West Shamokin hopes scaled-back schemes lead to more wins
TribLIVE Sports Videos
By simplifying its offensive and defensive schemes, West Shamokin's football team might've found solutions to its struggles.
The Wolves, who switched to a four-lineman, four-linebacker system one day after a blowout loss to Northgate on Sept. 7, surrendered just six points in their win over Riverview last week — they last held an opponent to a single-digit total during a 20-8 win over Allegheny-Clarion Valley in 2007. And their focus on just a few bread-and-butter wing-T plays helped them accumulate 25 points, their highest mark since a 30-12 win over Northgate in 2007.
To declare West Shamokin much improved will require additional evidence. The Wolves (1-2, 1-2) hope to provide that during Friday's trip to Avonworth (2-1, 2-0) for an Eastern Conference showdown.
“We can't have too big of heads going into this game,” junior offensive guard and linebacker Austin Bussard said. “But (the win) helps.”
Physicality on both sides of the ball has been a point of emphasis for the past several seasons. The Wolves grew more aggressive, but their points-allowed-per-game average remained disappointing — they gave up at least 40 points per contest each of the last three seasons and also did so in the first two weeks this fall.
Last week, the Wolves finally imposed their will for four quarters.
“I guess you could say we went real vanilla on defense,” said coach Josh Gilliland, whose Wolves previously operated in a 3-4 system. “It doesn't force them to know as much, football-wise. They can just go out and be aggressive.”
West Shamokin held Riverview scoreless for three quarters. Tim Wagner finally ended the shutout with a 30-yard touchdown catch.
“It felt good to just physically pound them,” said sophomore Andrew Wingard, who recovered a fumble and as a wingback finished with a team-high 142 yards rushing.
Wolves junior defensive back Brady Cornman delivered arguably the biggest hit of the game when he forced Jason Anthony to fumble during a fake punt. Cornman also stepped in for injured sophomore Alex Lasslo at quarterback, gained 65 yards on the ground and scored once.
“I don't know what got into me,” Cornman said. “I was exceptionally fired up. … I wasn't going to make it easy on anybody.”
The rushing success of Wingard, Cornman and junior Matt Johns (eight carries, 48 yards, two touchdowns) also represented a breakthrough for West Shamokin, which had relied heavily on standout sophomore fullback Zac Horner in the past. Horner, averaging 106.5 yards through Week 2, finished with 12 carries for 35 yards, yet the Wolves had the most rushing yards (290) in Gilliland's three-plus seasons as coach.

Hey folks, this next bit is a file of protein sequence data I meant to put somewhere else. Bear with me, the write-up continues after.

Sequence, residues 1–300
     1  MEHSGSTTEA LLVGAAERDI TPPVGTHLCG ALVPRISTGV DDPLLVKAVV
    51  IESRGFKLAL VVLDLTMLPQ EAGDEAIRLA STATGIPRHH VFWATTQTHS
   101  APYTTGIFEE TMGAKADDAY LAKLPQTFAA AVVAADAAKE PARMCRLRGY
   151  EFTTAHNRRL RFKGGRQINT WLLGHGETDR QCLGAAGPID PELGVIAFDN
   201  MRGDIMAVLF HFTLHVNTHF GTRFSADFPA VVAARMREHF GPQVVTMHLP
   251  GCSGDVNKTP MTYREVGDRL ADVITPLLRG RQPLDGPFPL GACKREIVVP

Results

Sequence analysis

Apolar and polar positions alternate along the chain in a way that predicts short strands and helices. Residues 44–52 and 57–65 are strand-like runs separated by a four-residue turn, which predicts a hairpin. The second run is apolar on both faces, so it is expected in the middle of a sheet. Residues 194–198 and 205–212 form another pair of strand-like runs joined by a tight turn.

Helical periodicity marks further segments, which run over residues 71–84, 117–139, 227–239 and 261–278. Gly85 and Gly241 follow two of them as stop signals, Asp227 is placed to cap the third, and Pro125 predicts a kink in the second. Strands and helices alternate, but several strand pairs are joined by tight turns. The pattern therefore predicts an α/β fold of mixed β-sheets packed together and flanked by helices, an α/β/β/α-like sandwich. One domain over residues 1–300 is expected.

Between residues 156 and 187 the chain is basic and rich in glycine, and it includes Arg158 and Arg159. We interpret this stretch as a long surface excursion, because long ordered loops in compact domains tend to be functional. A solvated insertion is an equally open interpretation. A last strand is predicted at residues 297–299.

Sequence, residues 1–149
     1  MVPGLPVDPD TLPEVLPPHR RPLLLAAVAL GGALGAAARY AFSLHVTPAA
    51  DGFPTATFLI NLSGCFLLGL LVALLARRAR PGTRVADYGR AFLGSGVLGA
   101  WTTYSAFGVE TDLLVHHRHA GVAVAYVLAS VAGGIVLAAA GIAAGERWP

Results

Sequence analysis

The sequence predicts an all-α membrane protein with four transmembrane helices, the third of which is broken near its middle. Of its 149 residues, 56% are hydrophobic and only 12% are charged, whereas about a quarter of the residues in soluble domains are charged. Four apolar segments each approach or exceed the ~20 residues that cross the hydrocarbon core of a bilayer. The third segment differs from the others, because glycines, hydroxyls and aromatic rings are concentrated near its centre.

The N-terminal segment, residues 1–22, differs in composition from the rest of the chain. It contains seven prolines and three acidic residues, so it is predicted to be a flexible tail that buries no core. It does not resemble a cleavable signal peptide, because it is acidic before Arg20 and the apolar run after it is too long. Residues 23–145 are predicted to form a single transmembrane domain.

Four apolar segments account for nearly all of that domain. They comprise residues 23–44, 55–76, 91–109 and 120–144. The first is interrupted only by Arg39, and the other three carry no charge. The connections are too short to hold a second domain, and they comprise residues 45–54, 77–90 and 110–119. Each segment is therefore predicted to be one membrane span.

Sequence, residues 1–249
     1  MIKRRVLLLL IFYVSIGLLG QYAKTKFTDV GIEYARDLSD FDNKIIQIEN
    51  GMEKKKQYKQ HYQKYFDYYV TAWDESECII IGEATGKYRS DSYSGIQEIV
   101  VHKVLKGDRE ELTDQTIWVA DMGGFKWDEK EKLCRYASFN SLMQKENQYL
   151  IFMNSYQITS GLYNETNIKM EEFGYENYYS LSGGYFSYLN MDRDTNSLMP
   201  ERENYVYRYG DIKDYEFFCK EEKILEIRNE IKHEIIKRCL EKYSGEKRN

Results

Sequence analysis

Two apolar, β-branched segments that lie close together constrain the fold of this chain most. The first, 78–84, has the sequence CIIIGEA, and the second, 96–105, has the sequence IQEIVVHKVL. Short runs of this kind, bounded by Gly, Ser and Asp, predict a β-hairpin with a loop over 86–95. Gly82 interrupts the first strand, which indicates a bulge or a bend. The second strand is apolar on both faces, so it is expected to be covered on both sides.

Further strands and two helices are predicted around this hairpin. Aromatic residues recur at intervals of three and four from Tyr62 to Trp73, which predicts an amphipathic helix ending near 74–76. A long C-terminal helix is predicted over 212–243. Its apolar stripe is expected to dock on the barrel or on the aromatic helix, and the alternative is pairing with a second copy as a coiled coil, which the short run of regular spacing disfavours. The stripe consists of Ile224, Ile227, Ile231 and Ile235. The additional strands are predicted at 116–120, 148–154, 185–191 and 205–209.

“I'm anxious to see what Avonworth will do now that they see that we have these threats,” Gilliland said. “I think it'll create problems for other teams.”
Avonworth presents West Shamokin more of a challenge than Riverview.
Offensively, the Antelopes leaned on sizable junior running backs Andrew Broadus (6-foot-3, 210 pounds) and Anthony Tomasino (6-0, 185) through two weeks but recently turned to freshman quarterback Zach Chandler, who completed 9 of 14 passes for 115 yards and three touchdowns in a Week 3 win over Leechburg.
The Antelopes' defense, meanwhile, has allowed just 9.7 points per game.
“It'll be a dogfight,” Gilliland said. “Even if we give up a touchdown or a big play, I think the kids understand now, it's OK. You can move on.”
Bill West is a staff writer for Trib Total Media. He can be reached at firstname.lastname@example.org or 724-543-1303, Ext. 1321.
Show commenting policy
TribLive commenting policy
You are solely responsible for your comments and by using TribLive.com you agree to our Terms of Service.
We moderate comments. Our goal is to provide substantive commentary for a general readership. By screening submissions, we provide a space where readers can share intelligent and informed commentary that enhances the quality of our news and information.
While most comments will be posted if they are on-topic and not abusive, moderating decisions are subjective. We will make them as carefully and consistently as we can. Because of the volume of reader comments, we cannot review individual moderation decisions with readers.
We value thoughtful comments representing a range of views that make their point quickly and politely. We make an effort to protect discussions from repeated comments either by the same reader or different readers.
We follow the same standards for taste as the daily newspaper. A few things we won't tolerate: personal attacks, obscenity, vulgarity, profanity (including expletives and letters followed by dashes), commercial promotion, impersonations, incoherence, proselytizing and SHOUTING. Don't include URLs to Web sites.
We do not edit comments. They are either approved or deleted. We reserve the right to edit a comment that is quoted or excerpted in an article. In this case, we may fix spelling and punctuation.
We welcome strong opinions and criticism of our work, but we don't want comments to become bogged down with discussions of our policies and we will moderate accordingly.
We appreciate it when readers and people quoted in articles or blog posts point out errors of fact or emphasis and will investigate all assertions. But these suggestions should be sent via e-mail. To avoid distracting other readers, we won't publish comments that suggest a correction. Instead, corrections will be made in a blog post or in an article.